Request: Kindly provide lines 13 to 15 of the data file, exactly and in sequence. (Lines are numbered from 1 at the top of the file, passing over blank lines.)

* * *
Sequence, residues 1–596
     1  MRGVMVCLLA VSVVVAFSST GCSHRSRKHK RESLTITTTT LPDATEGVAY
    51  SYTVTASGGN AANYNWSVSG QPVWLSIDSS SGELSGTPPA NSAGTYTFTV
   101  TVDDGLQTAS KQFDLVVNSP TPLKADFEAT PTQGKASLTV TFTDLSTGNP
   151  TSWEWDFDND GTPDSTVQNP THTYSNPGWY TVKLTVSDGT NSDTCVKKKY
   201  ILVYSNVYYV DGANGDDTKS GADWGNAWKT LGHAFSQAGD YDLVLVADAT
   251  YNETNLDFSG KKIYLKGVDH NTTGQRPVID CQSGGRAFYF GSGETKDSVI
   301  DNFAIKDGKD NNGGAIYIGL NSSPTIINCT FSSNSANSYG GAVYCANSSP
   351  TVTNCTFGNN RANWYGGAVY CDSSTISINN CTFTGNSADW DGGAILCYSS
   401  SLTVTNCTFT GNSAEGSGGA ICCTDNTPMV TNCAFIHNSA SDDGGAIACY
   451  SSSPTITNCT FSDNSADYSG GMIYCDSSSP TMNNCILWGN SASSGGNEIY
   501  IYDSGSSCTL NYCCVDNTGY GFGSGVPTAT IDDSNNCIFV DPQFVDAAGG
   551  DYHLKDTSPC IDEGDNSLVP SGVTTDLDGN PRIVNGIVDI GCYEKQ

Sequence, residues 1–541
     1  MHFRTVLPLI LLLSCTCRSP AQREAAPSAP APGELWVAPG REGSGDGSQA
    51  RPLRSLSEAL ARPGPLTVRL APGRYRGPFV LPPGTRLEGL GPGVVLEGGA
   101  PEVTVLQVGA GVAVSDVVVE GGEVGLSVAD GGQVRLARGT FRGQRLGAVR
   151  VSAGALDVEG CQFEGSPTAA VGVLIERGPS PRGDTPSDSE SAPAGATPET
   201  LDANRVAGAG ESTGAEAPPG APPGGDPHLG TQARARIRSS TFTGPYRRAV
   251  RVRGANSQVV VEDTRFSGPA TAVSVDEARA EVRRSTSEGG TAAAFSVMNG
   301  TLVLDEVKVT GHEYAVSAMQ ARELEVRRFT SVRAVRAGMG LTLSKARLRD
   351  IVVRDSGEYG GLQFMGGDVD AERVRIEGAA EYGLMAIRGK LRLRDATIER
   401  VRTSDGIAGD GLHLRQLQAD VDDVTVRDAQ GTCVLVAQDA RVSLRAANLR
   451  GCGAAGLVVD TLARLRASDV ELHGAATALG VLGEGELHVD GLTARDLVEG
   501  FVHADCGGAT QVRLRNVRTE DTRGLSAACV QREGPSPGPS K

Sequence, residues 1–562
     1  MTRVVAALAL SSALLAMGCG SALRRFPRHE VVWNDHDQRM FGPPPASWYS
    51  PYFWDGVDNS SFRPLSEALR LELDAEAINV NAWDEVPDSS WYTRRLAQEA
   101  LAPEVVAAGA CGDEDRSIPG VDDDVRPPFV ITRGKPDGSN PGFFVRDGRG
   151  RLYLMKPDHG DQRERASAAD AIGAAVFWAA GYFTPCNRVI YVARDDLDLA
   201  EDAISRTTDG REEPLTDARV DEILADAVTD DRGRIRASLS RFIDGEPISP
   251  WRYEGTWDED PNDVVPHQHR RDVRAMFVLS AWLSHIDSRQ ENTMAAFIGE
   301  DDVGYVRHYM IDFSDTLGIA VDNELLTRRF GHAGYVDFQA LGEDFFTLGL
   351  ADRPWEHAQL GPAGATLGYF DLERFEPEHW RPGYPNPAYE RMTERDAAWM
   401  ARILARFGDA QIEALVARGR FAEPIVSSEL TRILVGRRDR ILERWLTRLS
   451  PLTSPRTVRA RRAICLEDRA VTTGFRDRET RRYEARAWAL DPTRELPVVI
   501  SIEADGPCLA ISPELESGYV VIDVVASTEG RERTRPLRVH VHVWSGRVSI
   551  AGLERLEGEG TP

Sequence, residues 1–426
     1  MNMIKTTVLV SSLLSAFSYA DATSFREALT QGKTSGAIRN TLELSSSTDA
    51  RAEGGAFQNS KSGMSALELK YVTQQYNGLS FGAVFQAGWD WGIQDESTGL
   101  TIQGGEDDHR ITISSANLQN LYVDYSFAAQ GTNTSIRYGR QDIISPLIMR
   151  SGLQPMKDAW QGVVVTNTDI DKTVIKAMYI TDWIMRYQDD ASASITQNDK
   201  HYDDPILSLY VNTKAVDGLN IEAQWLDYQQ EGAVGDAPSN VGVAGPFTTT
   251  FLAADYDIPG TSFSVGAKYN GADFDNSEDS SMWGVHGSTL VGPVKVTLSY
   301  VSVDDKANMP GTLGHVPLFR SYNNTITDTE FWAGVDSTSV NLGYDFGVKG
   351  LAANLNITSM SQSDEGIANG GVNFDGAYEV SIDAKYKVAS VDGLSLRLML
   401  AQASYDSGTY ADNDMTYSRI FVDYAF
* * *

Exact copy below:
   551  DYHLKDTSPC IDEGDNSLVP SGVTTDLDGN PRIVNGIVDI GCYEKQ

Sequence, residues 1–541
     1  MHFRTVLPLI LLLSCTCRSP AQREAAPSAP APGELWVAPG REGSGDGSQA